Monday, June 18, 2012

Do Diet and Exercise Impact Confidence?

Many people who are happy, watch their diet and exercise, but many unhappy people do the same. So the question remains: Do diet and exercise impact confidence? First let's look at what confidence is. Confidence comes from self-esteem and produces the feeling inside that you are able to do what you want and need to do. If you have confidence you don't think you're better, or super-human, but you have a general sense that you can do things in life. Now, what helps make a person feel that?
Growing up with a good family foundation can help. A Mom and Dad who instill self-esteem into you as you're growing you will go far in helping you have confidence. But, even if you aren't lucky enough to have that, you can build confidence through diet and exercise, as long as the components of each are truly healthy.
Studies show that exercise increases energy levels, stimulates endorphins that make you feel good, and offers the additional benefit of making you feel productive while increasing your body image. Eating a healthy diet provides similar benefits. Improving your vitamin levels will increase your energy and you will naturally feel better. The end result will be that when you lose or gain weight as needed, you'll gain self-esteem and improved confidence.
But, what is a healthy diet?
Scientific studies have shown over the years that eating as close to nature as possible will improve your skin, nails, hair and waistline. This diet includes filling your plate with vegetables and fruit, using meat as a condiment, and avoiding corn and wheat products.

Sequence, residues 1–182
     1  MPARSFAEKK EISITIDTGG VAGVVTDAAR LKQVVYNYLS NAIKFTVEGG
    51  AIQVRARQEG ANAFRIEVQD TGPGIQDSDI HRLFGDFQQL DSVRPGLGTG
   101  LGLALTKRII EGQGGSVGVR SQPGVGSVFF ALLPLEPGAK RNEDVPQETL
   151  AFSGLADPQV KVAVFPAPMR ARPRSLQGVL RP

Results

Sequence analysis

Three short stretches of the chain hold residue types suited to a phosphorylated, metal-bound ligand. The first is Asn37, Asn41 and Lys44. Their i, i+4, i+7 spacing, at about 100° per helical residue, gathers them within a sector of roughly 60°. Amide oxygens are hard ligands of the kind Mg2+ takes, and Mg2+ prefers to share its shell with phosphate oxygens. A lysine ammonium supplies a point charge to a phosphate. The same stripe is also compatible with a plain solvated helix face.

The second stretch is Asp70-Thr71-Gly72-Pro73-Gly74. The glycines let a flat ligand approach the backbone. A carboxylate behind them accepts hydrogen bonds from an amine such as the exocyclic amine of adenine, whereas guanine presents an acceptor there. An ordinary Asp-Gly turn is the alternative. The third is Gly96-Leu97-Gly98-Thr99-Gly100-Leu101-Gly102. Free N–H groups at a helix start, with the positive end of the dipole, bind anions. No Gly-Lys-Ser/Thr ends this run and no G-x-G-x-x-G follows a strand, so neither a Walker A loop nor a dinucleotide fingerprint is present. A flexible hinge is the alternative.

In addition to sticking to nature when you choose your food, the old adage of calories in, calories out is still true. The average woman should eat from 1,500 to 2,000 calories a day, and the average man should consume about 2,800 calories.
What constitutes healthy exercise?
More studies have shown that exercise is a very small component of losing weight or maintaining a healthy weight. At least 80 percent of weight loss, or maintaining weight loss has to do with diet. That does not mean that exercise is useless but it does mean you need to do far less of it than previously thought or that shows like "The Biggest Loser" promote.
In fact, doing too much exercise, too fast, can decrease your health rather than improve it. Sticking to approximately 30 to 45 minutes of exercise per day is all you need for optimum health via exercise. By walking briskly for that length of time, each day, you will improve your heart health and lung function as well as increase the likelihood that you'll stick to your diet. Another little known advantage of walking, especially if you do it outdoors, is the fact that you'll vastly increase your vitamin D stores which is a huge factor in fighting weight gain and maintaining a feeling of well-being.

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